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Next Week in Music | Aug. 30 – Sept. 5 • New Books

Next week's lineup of new music books is an eclectic affair. Read all about ’em.


A diva’s chewing gum. A soul-poet’s letters. An underground label’s history. Folk music’s evolution. And in-depth histories of Joy Division and New Order, The Who, The Police and more. Next week’s lineup of music books is definitely an eclectic affair. Read all about ’em:


Nina Simone’s Gum
By Warren Ellis

THE EDITED PRESS RELEASE: “On Thursday July 1, 1999, Nina Simone gave a rare performance as part of Nick Cave’s Meltdown Festival. After the show, in a state of awe, Warren Ellis crept onto the stage, took her piece of chewed gum from the piano, wrapped it in her stage towel and put it in a Tower Records bag. The gum remained with him for 20 years; a sacred totem, his creative muse, growing in significance with every passing year. In 2019, Cave — his collaborator and great friend — asked Warren if there was anything he could contribute to display in his Stranger Than Kindness exhibition. Warren realised the time had come to release the gum. Together they agreed it should be housed in a glass case like a holy relic. Worrying the gum would be damaged or lost, Warren decided to first have it cast in silver and gold, sparking a chain of events that no one could have predicted, one that would take him back to his childhood and his relationship to found objects. Nina Simone’s Gum is about how something so small can form beautiful connections between people. It is a story about the meaning we place on things, on experiences, and how they become imbued with spirituality. It is a celebration of artistic process, friendship, understanding and love.”

Joy Division + New Order: Decades
By John Aizlewood

THE EDITED PRESS RELEASE: “First there was Joy Division. Their music reflected both the barren urban landscape of their native Manchester in the late 1970s and singer Ian Curtis’s heart of darkness. They remain forever defined by both the suicide of their extraordinary and extraordinarily volatile singer and two albums as close to perfection as music can come.From the ashes of Joy Division came New Order — their globally popular music bridged the chasm between indie and dance and inspired a generation. Having conquered the world and maintained their credibility, they snatched defeat from the jaws of victory and imploded in a tsunami of recrimination, while still making fabulous music. It’s a tale of death, destroyed friendships and bungled finances, but the story of Joy Division and New Order is also the saga of two bands who made extraordinary music which defined their times and overturned the musical landscape.”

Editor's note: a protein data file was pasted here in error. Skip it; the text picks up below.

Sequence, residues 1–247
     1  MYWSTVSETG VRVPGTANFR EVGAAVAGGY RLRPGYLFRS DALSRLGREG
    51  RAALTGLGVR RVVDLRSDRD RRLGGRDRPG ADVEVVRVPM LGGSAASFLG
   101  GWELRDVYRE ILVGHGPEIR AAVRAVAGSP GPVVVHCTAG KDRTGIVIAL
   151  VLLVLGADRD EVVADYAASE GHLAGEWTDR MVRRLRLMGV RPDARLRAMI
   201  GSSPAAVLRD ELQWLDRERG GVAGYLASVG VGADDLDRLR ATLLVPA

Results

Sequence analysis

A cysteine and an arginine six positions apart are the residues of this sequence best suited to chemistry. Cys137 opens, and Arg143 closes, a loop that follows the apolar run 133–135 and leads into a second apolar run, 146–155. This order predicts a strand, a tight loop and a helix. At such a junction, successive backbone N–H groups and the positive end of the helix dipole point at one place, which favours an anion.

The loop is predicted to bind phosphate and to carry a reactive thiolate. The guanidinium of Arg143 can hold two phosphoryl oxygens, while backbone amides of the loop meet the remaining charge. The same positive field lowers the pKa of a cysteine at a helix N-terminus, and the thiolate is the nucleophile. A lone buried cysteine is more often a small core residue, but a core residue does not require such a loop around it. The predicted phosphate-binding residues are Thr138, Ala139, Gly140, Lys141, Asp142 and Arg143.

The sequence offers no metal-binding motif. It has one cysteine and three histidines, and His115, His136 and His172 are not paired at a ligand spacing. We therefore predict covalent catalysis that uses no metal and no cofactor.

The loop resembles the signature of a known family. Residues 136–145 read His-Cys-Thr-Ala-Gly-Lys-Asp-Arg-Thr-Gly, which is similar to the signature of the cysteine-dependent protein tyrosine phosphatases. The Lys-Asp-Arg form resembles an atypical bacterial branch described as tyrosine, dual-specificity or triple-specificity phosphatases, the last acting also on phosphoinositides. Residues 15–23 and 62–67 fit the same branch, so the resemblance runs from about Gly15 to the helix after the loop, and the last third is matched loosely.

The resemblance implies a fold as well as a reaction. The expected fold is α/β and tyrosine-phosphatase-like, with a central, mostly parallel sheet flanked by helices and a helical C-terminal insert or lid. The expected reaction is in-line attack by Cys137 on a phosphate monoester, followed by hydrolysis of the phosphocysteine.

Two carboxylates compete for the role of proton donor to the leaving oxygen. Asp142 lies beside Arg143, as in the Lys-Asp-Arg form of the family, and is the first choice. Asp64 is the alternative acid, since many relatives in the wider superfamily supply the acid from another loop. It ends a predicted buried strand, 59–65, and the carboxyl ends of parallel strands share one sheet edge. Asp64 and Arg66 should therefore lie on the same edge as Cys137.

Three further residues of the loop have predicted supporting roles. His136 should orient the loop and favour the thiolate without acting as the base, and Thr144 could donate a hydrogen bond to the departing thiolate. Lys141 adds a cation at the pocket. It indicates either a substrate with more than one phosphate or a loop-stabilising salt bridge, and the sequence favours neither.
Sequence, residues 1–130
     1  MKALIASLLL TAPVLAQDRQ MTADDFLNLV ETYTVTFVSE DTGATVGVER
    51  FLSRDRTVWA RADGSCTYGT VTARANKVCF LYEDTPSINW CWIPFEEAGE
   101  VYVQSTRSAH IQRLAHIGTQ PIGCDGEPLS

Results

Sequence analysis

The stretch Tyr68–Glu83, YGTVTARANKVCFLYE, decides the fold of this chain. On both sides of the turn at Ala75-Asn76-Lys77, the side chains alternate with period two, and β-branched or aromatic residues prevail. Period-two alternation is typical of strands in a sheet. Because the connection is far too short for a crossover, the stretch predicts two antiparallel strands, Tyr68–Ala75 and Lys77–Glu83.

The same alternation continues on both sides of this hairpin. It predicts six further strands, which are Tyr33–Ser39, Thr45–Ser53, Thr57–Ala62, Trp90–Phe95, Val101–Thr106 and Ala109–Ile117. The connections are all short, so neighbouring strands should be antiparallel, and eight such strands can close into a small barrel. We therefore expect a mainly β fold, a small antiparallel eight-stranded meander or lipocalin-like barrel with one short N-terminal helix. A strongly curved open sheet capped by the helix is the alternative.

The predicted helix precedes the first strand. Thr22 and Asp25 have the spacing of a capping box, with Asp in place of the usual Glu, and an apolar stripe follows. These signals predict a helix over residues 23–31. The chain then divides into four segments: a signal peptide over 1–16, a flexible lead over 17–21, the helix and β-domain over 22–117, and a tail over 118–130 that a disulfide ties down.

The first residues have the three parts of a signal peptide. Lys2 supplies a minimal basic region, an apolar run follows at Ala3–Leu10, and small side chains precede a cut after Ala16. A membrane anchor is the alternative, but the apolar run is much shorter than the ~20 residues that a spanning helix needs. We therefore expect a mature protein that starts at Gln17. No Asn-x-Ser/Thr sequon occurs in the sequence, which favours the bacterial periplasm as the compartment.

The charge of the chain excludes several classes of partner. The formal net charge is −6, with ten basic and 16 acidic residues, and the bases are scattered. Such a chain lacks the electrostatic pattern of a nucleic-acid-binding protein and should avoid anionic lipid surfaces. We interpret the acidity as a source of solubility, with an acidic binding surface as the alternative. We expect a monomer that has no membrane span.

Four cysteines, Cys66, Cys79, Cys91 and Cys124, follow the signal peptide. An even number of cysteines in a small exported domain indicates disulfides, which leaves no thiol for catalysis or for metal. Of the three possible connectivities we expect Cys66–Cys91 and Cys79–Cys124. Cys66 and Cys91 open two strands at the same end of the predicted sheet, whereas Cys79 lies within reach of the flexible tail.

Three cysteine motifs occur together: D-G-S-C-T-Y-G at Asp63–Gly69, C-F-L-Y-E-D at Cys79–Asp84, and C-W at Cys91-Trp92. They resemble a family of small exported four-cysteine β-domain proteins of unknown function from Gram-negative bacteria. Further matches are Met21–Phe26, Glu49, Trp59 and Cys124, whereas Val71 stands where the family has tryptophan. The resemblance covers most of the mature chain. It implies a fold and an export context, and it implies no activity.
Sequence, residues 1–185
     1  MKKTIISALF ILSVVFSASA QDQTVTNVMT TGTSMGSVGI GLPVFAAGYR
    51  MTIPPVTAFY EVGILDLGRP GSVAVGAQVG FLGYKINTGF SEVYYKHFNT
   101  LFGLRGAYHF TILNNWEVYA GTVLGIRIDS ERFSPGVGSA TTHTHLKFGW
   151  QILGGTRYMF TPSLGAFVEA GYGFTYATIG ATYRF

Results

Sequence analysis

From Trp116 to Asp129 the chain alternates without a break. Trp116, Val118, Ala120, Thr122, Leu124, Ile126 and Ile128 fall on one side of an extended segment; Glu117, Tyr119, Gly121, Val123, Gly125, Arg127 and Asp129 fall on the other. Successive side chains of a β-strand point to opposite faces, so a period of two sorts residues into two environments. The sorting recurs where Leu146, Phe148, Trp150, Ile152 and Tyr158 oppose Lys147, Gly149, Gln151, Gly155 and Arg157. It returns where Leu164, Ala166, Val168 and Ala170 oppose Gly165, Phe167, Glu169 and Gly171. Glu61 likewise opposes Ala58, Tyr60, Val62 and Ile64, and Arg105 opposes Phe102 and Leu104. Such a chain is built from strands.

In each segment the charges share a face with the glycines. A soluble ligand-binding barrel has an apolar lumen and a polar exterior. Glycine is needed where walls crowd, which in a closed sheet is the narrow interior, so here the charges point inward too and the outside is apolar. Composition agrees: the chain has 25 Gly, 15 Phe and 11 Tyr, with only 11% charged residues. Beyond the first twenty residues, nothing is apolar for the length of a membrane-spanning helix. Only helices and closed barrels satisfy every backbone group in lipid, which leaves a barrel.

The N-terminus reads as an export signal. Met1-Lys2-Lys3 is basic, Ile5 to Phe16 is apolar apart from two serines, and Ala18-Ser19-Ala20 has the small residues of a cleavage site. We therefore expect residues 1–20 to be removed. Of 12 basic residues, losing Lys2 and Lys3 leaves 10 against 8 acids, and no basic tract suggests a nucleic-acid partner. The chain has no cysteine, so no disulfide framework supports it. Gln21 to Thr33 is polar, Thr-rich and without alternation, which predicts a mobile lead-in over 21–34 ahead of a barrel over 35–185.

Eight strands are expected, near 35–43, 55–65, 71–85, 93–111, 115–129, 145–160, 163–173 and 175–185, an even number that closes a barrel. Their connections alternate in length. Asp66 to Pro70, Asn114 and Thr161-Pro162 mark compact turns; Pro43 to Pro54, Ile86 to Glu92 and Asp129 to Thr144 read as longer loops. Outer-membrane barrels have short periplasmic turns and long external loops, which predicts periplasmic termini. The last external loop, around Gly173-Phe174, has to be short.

The Who: Much Too Much
By Mike Evans

THE EDITED PRESS RELEASE: “Still making sensational live appearances on the international concert circuit, The Who have been rivaled only by The Rolling Stones as an enduring rock phenomenon for over half a century. From their early days as The Detours, they were at the vanguard of the mod movement in the mid-1960s, in 1965 striking gold as The Who with Can’t Explain, followed by My Generation, which became a true anthem of its time. Through the triumphs of Pete Townshend’s ambitious creations in Tommy and Quadrophenia, to the tragedy of the passing of drummer Keith Moon and bass player Jon Entwistle, the book follows the group’s tumultuous history via incisive text, archive reviews and interviews, and a track-by-track summary of all The Who’s studio and live albums. Sumptuously illustrated with a wealth of color and black-and-white photography, plus album art and other graphic ephemera, The Who: Much Too Much is a must-have celebration of one of the key names in rock music history.”

The Police: Every Little Thing – The Adventures of Sting, Stewart and Andy
By Caroline Stafford & David Stafford

THE EDITED PRESS RELEASE: “An American drummer, a bass player from Newcastle and a guitarist a decade older than the other two, with little in common other than their musical brilliance and towering ambition, formed one of the most successful bands in history. Covering the years 1977-1986 and the brief reincarnation in 2007-2008, acclaimed biographers Caroline and David Stafford chronicle the rise and fall of The Police. Much like Reservoir Dogs but without the light relief, it’s a tale of jealousy, anger and attrition both on the road and in the studio. And yet, despite — or perhaps because of — the battles, these three musicians, each supremely talented in his own right, together achieved a symbiosis that produced music of soaring magnificence.”

Queen Live: Collected
By Alison James

THE EDITED PRESS RELEASE: “After 50 years as one of the world’s best loved rock bands, Queen have played over 700 concerts throughout the world and are still selling out stadiums in the 2020s. The band’s earliest documented concerts were at colleges in the Home Counties of England in 1970 and since then they have performed at massive, memorable, record-breaking events across the globe. Their performances in Rio and at Live Aid in 1985 are considered to be two of the best live shows anywhere. Their final show with Freddie Mercury at Knebworth Park on Aug. 9, 1986 was extraordinary. Then there was the Freddie Mercury Memorial Concert at Wembley Stadium. This stunning illustrated book includes set lists of many key shows and takes the reader through each tour in depth, both with Freddie and Adam Lambert. Shows which have defined their career to date for a whole generation of rock music fans.”